“Richard, what are you for?”
This was the question I was asked by a business I then worked for just as the economic crash was biting hard in 2008. I was expecting budget squeezes after seeing contractors laid off and redundancies being planned, but these words came out of the blue, and I had to think on my feet for an answer. My answer was: “I protect you against unbudgeted costs”. To any well-run business, budgets are everything – and deviating from then always begs serious explanations about why.
It is absolutely true that the private sector is the wealth creator of the nation. We need strong and vibrant private enterprise to grow the economy, create jobs and prosperity and give us all a decent standard of living. Yet I’ve worked in the private sector for the best part of 20 years, and have never been a wealth creator. It is very clearly understood in responsible businesses that wealth protection is just as important as wealth creation.
Now scale this up to the UK economy. The principles are exactly the same. The wealth creators are private enterprise: the businesses which grow, attract inward investment and employ people, paying wages and taxes. The wealth protectors are the public sector. Whereas in business, my role is to ensure the wealth created in the business stays in the business to help it grow and invest, in the public sector the role is to make sure the private sector can function with the minimum of hindrance.
To some, this may seem like a contradiction in terms. But the work of business would be severely hampered if the roads weren’t safe, therefore slowing transit of goods; their employees were constantly sick, and therefore unproductive; or if the staff were poorly educated – and therefore unable to perform at all.
It is absolutely right that emergency measures had to be taken as the UK began to emerge, battered and bruised, from the deepest and most damaging recession in generations. Businesses were cutting hours, going on short time and people were losing their jobs. During this period, the public sector was not immune from this but was, in relative terms at least, unscathed. When the slow road to recovery began in 2010, a public sector pay freeze was absolutely right at this time.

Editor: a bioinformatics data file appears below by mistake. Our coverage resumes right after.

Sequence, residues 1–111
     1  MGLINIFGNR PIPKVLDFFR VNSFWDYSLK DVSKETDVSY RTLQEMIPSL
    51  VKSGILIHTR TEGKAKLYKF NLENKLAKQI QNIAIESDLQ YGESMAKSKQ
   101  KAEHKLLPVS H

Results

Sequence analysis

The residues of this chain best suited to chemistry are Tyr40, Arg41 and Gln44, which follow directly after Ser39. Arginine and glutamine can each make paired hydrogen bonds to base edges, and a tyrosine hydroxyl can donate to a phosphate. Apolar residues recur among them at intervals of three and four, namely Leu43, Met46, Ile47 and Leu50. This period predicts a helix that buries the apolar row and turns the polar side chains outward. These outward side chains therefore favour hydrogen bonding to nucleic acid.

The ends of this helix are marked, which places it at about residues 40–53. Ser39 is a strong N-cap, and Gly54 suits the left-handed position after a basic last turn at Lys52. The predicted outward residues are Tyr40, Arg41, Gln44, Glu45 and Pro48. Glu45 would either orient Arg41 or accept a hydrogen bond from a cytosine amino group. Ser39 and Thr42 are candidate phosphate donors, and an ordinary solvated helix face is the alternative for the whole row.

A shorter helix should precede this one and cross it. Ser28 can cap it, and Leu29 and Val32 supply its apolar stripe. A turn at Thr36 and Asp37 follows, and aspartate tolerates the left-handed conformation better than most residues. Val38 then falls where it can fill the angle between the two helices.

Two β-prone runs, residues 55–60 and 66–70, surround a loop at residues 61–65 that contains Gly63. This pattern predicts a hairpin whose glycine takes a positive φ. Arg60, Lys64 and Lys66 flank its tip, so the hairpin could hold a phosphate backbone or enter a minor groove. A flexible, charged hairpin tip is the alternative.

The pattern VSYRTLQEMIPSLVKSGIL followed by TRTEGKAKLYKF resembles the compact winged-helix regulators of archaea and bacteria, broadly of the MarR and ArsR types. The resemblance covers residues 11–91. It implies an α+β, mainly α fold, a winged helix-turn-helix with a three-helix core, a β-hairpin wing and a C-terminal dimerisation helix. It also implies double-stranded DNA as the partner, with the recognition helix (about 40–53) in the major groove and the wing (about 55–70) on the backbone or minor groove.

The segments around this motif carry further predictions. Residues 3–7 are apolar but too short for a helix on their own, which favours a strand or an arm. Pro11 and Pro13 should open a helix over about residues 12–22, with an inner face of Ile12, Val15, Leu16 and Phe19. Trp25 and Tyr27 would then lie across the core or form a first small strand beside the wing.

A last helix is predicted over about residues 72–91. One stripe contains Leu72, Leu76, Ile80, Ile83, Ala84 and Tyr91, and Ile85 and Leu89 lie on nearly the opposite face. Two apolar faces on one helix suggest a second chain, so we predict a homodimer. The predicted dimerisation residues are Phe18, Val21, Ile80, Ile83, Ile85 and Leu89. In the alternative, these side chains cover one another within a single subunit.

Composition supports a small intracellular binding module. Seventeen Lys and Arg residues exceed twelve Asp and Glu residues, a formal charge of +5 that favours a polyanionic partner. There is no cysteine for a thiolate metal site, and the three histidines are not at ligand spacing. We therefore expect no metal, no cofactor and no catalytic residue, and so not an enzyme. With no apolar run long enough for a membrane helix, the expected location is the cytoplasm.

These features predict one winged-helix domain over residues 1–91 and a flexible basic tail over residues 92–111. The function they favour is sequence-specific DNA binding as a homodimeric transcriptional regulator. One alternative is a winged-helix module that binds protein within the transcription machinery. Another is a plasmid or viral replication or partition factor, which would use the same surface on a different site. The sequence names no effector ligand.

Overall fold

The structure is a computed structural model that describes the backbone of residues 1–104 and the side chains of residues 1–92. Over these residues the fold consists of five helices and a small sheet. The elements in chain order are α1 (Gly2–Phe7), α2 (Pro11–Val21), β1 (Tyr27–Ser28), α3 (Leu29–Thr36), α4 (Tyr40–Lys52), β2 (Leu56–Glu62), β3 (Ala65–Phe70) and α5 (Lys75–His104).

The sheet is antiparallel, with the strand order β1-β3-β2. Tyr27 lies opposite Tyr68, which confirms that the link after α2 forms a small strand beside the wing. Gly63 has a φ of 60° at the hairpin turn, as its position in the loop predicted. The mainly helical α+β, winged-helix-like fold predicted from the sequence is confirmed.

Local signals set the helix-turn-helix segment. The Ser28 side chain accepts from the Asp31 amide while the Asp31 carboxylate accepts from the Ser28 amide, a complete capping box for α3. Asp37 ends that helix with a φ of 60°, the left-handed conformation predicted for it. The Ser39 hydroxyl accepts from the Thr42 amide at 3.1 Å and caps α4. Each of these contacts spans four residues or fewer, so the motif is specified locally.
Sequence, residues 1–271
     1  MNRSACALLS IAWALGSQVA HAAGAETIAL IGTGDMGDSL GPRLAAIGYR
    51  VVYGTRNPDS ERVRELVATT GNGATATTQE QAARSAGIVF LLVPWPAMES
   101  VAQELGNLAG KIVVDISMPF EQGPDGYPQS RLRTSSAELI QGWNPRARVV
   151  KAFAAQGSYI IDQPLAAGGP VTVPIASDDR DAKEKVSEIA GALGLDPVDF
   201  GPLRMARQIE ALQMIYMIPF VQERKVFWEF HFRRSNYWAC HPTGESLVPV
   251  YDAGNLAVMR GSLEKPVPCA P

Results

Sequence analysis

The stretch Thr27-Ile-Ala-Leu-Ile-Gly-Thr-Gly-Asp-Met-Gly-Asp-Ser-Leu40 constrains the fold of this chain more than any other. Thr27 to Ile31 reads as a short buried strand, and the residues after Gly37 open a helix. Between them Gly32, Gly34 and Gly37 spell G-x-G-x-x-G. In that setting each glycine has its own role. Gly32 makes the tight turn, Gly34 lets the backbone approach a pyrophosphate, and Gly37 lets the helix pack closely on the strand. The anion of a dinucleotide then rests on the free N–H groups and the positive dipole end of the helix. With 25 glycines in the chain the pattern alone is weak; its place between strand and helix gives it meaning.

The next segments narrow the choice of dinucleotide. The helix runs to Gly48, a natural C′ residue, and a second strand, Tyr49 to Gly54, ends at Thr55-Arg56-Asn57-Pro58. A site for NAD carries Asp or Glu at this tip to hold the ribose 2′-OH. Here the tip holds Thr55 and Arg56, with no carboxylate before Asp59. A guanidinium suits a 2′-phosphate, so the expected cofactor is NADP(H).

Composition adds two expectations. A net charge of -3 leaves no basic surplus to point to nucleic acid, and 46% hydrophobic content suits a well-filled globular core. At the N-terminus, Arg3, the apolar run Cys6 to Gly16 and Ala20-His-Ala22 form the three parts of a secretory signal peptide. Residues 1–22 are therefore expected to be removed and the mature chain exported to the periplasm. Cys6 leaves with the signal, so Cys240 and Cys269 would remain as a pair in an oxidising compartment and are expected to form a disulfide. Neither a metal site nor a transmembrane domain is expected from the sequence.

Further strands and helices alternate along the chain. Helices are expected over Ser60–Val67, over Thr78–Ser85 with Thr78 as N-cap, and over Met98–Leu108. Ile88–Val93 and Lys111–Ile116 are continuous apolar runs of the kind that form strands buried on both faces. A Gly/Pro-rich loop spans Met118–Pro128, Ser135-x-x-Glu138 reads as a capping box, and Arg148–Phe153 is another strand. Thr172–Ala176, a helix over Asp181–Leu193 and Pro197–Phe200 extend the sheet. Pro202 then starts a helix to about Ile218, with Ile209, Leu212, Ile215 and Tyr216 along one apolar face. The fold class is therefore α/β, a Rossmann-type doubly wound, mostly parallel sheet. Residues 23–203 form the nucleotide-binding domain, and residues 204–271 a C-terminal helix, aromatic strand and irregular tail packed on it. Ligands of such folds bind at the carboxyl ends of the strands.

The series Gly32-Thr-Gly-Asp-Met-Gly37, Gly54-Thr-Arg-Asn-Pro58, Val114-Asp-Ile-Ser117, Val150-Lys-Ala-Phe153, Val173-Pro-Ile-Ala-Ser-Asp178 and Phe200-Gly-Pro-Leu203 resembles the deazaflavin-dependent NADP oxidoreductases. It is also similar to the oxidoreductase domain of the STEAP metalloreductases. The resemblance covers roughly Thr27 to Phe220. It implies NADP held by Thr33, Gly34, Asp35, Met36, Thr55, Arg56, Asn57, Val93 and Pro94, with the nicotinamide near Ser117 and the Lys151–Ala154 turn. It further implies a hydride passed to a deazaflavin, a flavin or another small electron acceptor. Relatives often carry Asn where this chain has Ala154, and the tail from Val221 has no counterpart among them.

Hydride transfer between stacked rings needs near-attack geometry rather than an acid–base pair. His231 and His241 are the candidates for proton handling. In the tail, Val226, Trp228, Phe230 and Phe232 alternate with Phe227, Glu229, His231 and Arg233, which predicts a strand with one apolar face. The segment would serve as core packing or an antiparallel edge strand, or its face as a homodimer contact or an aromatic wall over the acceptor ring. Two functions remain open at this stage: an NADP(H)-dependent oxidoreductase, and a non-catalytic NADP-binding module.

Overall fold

Until now the freeze, which later became the pay cap, has had built in safeguards, deliberate and incidental, that have reduced its immediate impact. During the first two years – when it was a freeze – it never applied to public sector workers on less than £21,000 p.a. (a fact conveniently forgotten by the opposition). Any public sector worker on an hourly rate of £10 an hour was not subject to the freeze.
When the pay freeze became a pay cap of one per cent, the lowest paid benefited from the increase in national minimum wage and the introduction of the national living wage. In local authorities alone, this benefited over 80,000 workers. In addition, new entrants to the public sector may also find themselves on a pay scale which increases year on year, regardless of any pay cap.
However, this impact reduction has expired. The National Living Wage is now well established, pay scales have been climbed and the cap may now be affecting not just recruitment and retention, but also choice of recruitment. Serious talent is less likely to choose public service as a career. We should look again at appreciating the added value that the public sector brings to the wealth of the economy and being able to share in that wealth – and this means lifting the cap.
Lifting of the pay cap in the way that Labour’s election manifesto proposed would add £4 billion a year to the public finances. Conservatives campaigned on the basis that this was unaffordable, and I agree. To lift the pay cap entirely across the public sector would not be affordable; would put the hard-won economic recovery at risk and would be unfair. Why should someone on a low wage in the private sector be asked to fund a pay rise for high earners in the public sector? A sensible way forward would be to phase in a lifting of the pay cap, starting with low earners.